new world where I think we're sitting the second generation of Of the stochastic, a life remembers when people are getting real jobs in the in the metaverse and earning income. I feel like this time is little bit different. Yeah, I'm not proposing. We all just put on our headsets and call it a day and be part of the Matrix. But I do think this, this next generation of gamers are spending more time in the metaverse, because now, they actually have a job. I can order
for the parents, if they hate you, no, get off the game and go do something productive, but then, when in fact, the job is in the. And then, if your jobs in the metaverse, you may start consuming in the metaverse and that new economy. It's the kind of fascinating. There's no H-1B involved. You work cross-border. So suddenly, This Is A Whole, New World. No, it. And I want to talk about this right now. We're actually the first first tracks into splinterlands, which is one of the two largest games in the Box in Industry alongside a taxi. And you know, we're hearing incredible stories,
life-changing show it everyday and in villages and communities and was actually a NASDAQ and, and Motley Fool article that came out a couple of days ago that said, don't put in $10 and the game to start and it's worth $17,000 now in, in, in such a short period and it's, it's incredible to see, you know, the entire economy that's being built at this me work. They're doing 1.3 million daily rentals of items. That mean it's it's it's quite incredible to start seeing how this is transforming, you know, communities making it more effective to be, you know, investing your time into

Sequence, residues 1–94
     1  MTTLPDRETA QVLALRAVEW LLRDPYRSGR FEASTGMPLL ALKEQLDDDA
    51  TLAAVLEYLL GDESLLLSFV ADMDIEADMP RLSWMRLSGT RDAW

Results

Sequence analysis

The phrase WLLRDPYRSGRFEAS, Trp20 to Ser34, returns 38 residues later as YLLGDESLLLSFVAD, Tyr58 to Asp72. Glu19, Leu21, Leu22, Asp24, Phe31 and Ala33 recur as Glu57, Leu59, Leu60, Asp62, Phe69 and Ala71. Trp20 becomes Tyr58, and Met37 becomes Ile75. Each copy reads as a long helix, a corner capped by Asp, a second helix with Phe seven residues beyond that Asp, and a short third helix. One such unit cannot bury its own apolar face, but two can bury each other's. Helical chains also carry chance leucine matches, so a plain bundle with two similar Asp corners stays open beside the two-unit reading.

something like this into a game where their shared economics versus know being a taxi driver work in a grocery store, these sorts of things. I am so then they should log onto the blockchain and play to earn model. I'm a firm believer in intelligence and talent is evenly distributed across all people but it is not. So I do think watching being a decentralized technology is one of the best tools to democratize access and really, you know, open. You know, even the playing field for, everybody
know. I'm just saying Andy, that's one of the most interesting things I've heard and to think about I know that you guys have had trouble for years trying to get people Visas so that they could work. I mean this really changes, the changes the world and so many more ways than I even thought about I think that's also covers that for the last layer that we talked about which is actually eat the portfolio. Companies customers and you know creating opportunity diversity access is on the put it you know, what is has been incredible. I've just given given the time we've got to wrap up. I'm sure we
could go a lot more and pick your brains more. We're going to have to do that. Another time. This has been a very insightful discussion from our incredible panel. I can foresee say, I've learned a lot and I'm sure audience will agree as well. I've encouraged by, you know, the transformation in the Venture Capital industry. No leading to more diversity as we heard here, inclusivity and sustainability and it is here to stay and only going to accelerate. And so there's many other incredible presentations and panel from experts all around the world remaining today. And tomorrow
at the LA blockchain Summit, what better time to learn from these experts from the comfort of your own home. Be sure to check the Not as I know. I will thank you again for incredible, panelist for making the time here to share your insights.